Is it OK to want the whole package no matter what?

Some may say you have high standards/expectations, or a stickler and maybe they are right. One thing I know for sure is everyone bases decisions on how they FEEL about something in which case customer service industries have a few things to consider. Think about the WHOLE package.

What makes an experience for a customer the most ultimate guest experience?

  • Is it the interaction you have with an expert?
  • Did the customer service rep upsell you a t-shirt or hat?
  • Did they smile?
  • Did you feel like you received the best value from your purchase?
  • Were all of your questions answered and referred to the appropriate people?
  • Were you served in a timely manner?  What is a timely manner to you? It could be different between me and you.

I was at a restaurant for lunch one day last week and decided to observe our server just for fun. She was very knowledgeable of the specials and even asked me if I had a scene card to use on my bill so I could collect points – I wouldn’t have known that unless she asked. An overall OK experience but not outstanding and yes I would go back to that restaurant again. Although there was ONE thing missing from that experience. Our server wasn’t excited or happy to be there. She was the only one serving tables in our area and didn’t stop working so I can completely understand the dilemma. Circumstances tend to alter our performance at work when understaffed. I also don’t know what had happened to her that day or how her day began so I’m not about to judge her for that. In spite of all that, I didn’t leave feeling satisfied because the only emotions I received was rushing (nuisance) and distant (preoccupied). This is SO important for customer service facing roles because as a client, you expect a certain level of service to come with it. This service builds loyalty and trust of the product or service you are purchasing. Think of Apple and their genius bar or Starbucks and upbeat baristas. THESE guys make an effort and for the most part, it’s CONSISTENT. I return because my experience walking in and out of these stores leave me feeling happy, looked after, and there’s always an individual touch to their service. Above all, these guys are organized and happy to serve. What a difference it makes!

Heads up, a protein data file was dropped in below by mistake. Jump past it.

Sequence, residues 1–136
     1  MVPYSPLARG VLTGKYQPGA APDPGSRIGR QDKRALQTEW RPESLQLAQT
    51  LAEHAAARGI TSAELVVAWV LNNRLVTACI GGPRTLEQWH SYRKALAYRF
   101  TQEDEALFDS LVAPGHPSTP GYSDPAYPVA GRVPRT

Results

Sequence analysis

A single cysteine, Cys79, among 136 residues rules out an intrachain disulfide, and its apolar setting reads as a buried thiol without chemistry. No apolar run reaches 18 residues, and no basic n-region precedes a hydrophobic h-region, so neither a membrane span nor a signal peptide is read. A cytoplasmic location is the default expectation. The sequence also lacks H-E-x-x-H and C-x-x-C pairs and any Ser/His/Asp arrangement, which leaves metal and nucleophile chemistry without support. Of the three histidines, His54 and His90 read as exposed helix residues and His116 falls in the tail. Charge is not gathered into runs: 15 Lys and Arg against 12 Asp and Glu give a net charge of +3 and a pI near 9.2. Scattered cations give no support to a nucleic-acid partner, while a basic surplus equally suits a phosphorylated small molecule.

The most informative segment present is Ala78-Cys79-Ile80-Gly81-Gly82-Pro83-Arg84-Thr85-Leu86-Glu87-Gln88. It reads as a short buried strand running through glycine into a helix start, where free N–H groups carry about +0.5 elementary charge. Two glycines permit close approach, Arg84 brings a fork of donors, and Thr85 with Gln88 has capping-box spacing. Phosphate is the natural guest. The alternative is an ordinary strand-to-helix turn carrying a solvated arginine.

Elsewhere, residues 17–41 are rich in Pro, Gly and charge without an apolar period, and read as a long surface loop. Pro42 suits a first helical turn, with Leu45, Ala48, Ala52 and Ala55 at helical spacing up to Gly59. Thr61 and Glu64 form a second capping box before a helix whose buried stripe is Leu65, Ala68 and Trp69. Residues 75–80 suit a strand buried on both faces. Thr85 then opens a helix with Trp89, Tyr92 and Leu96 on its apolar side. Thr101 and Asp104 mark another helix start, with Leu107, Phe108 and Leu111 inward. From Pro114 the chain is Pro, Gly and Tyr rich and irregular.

As I began researching customer service metrics for evaluation, I saw consistent patterns in the survey methods. I also saw very different answers because certain people have different perceptions of what customer service means to them. All of this information is an excellent thermometer check of how an organization is doing when management isn’t looking.

Sample of tracking metrics:

  • quality
  • smile and gestures
  • upselling onto a purchase
  • the ability to handle difficult questions
  • following the rules
  • closing statement of thank you

My closing statement for an experience worthwhile is to FEEL it. You have to feel that people care about what you are intending to buy. As a customer or client, I look for things like organization, friendly, warm, ambience, helping me find the best deal that works for my needs, making conversation – that’s just a few!

Figure out your customers and discover why they buy what they buy from you. What are they missing that will increase your sales over the next 6 months if you take a look at certain investments? Do you need to take a look at training staff with new concepts and give them an opportunity to openly talk about their challenges on the floor? Start small and end big. If you need help figuring this out, email me about my Guest Experience Workshop and we can take a look at how this training program can solve your challenges.


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